Imports rose 2 percent in January from December. Those from China surged 7 percent.
A stronger U.S. economy, Baumohl says, will also help a battered Europe, which is contending with high unemployment and a debt crisis.
The U.S. economy is benefiting from the Federal Reserve's drive to keep interest rates at record lows. Lower borrowing rates have made it easier for Americans to buy homes and cars and for companies to expand.
The Fed and other key central banks have taken extraordinary steps to pump money into their financial systems to try to spur borrowing and spending, boost stock prices and stimulate growth.
The Fed has said it plans to keep the benchmark rate it controls near zero at least until the unemployment rate has fallen to 6.5 percent, as long as the inflation outlook remains mild.
Friday's jobs report isn't expected to move up the Fed's timetable for any rate increase.
"This may not yet be the substantial improvement in the labor market outlook that the Fed is looking for, but it's moving in the right direction," Paul Ashworth, an economist at Capital Economics, said in a note to clients.
The brighter hiring picture has yet to trigger a flood of people who aren't looking for a job to start seeking one. The proportion of Americans either working or looking for work dipped one-tenth of a percentage point in February to 63.5 percent, matching a 30-year low.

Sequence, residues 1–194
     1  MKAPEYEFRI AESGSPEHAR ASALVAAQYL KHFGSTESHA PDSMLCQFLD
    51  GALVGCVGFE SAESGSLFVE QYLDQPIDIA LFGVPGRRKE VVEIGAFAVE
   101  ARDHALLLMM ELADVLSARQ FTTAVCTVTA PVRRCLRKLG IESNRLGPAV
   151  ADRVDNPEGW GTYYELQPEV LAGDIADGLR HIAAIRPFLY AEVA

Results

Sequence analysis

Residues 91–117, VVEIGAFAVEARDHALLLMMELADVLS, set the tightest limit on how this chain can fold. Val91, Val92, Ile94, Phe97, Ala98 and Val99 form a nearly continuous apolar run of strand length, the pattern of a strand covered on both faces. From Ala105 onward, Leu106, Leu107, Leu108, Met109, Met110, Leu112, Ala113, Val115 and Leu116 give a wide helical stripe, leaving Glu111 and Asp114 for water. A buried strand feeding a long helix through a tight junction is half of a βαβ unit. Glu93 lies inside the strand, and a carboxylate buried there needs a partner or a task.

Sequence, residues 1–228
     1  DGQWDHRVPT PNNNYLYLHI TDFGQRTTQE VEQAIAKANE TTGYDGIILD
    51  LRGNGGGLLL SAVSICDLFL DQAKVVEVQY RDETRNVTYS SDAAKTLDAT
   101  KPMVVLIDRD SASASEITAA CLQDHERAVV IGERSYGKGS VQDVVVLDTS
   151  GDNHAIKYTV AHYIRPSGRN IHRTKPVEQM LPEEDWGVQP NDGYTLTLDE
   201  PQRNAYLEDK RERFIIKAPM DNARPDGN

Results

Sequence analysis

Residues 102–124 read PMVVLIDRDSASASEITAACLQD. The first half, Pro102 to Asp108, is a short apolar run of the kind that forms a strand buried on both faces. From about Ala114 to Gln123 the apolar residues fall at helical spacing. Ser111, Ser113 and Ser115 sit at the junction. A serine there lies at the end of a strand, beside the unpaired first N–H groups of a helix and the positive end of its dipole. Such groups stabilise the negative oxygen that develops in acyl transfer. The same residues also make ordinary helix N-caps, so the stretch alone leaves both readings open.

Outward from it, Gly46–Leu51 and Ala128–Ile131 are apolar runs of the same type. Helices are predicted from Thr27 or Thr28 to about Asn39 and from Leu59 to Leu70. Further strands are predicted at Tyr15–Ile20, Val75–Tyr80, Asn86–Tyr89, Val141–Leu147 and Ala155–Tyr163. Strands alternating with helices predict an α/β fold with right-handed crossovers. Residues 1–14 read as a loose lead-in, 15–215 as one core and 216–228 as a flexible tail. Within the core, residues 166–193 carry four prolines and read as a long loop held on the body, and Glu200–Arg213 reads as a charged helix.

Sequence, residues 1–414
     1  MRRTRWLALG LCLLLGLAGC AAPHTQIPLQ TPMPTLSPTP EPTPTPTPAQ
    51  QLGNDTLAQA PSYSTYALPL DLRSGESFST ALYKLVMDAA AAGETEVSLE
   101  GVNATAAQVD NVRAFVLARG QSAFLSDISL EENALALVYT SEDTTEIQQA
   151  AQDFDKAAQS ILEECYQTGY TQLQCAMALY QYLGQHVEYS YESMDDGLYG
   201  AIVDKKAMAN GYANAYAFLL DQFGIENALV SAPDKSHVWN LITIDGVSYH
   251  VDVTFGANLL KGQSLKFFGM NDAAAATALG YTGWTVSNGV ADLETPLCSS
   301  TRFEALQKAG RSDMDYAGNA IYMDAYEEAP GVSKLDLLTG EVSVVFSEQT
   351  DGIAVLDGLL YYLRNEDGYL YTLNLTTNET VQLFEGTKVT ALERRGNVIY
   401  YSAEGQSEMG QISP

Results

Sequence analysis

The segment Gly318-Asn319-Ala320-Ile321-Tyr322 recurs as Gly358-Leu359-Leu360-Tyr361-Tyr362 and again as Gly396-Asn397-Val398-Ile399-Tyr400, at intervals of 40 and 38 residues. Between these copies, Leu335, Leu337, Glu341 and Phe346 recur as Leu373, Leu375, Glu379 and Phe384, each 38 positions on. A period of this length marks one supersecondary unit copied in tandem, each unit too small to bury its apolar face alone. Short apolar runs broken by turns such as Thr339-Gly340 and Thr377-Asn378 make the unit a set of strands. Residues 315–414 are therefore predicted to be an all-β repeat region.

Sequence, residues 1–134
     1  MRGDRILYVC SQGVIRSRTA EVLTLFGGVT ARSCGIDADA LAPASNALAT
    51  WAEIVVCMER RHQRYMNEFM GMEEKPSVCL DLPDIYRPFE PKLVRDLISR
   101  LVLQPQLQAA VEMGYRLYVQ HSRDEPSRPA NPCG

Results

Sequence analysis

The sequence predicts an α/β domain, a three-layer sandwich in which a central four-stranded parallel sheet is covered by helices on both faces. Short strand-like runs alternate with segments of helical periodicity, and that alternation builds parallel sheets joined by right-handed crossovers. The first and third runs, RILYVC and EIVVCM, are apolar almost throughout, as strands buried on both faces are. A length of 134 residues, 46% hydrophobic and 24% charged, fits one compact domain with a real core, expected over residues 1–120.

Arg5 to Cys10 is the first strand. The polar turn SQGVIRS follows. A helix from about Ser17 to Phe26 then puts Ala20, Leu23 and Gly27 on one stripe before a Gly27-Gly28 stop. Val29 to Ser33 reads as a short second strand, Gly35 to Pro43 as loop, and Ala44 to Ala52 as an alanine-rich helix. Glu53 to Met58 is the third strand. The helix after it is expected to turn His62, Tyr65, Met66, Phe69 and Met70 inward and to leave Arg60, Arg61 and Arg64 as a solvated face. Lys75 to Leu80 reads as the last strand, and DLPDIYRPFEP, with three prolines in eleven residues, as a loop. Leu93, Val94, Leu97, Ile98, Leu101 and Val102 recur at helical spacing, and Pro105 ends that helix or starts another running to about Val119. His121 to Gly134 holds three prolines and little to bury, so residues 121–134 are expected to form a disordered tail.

Even though the recession officially ended nearly four years ago, many Americans have remained discouraged about their job prospects and have given up looking. Others have returned to, or stayed in, school. And the vast generation of baby boomers have begun to retire. Their exodus reduces the percentage of adults working or looking for work.
Further strong hiring gains will hinge, in part, on healthy consumer spending. So far, higher gas prices and a Jan. 1 increase in Social Security taxes haven't caused Americans to sharply cut back on spending.
Across-the-board government spending cuts also kicked in March 1 after the White House and Congress failed to reach a deal to avoid them. Those cuts will likely lead to furloughs and layoffs in coming weeks.
The Congressional Budget office has estimated that the cuts mean government spending will drop $44 billion in the budget year that ends Sept. 30. That reduction, slightly more than 1 percent of federal spending, will likely hold down hiring in spring and summer, Sweet says. But more hiring and pay increases now should ease the blow.
A big source of strength has been home sales and residential construction: New-home sales jumped 16 percent in January to the highest level since July 2008. And builders started work on the most homes last year since 2008.
Home prices rose by the most in more than six years in the 12 months that ended in January. Higher prices tend to make homeowners feel wealthier and more likely to spend. So do record-high stock prices.
"If my house is worth a little more, my 401(k) is going up ... maybe I can afford to go buy that car, or continue to spend," says Ed Hyland, investment specialist at JPMorgan Private Bank.
AP Economics Writer Paul Wiseman contributed to this report.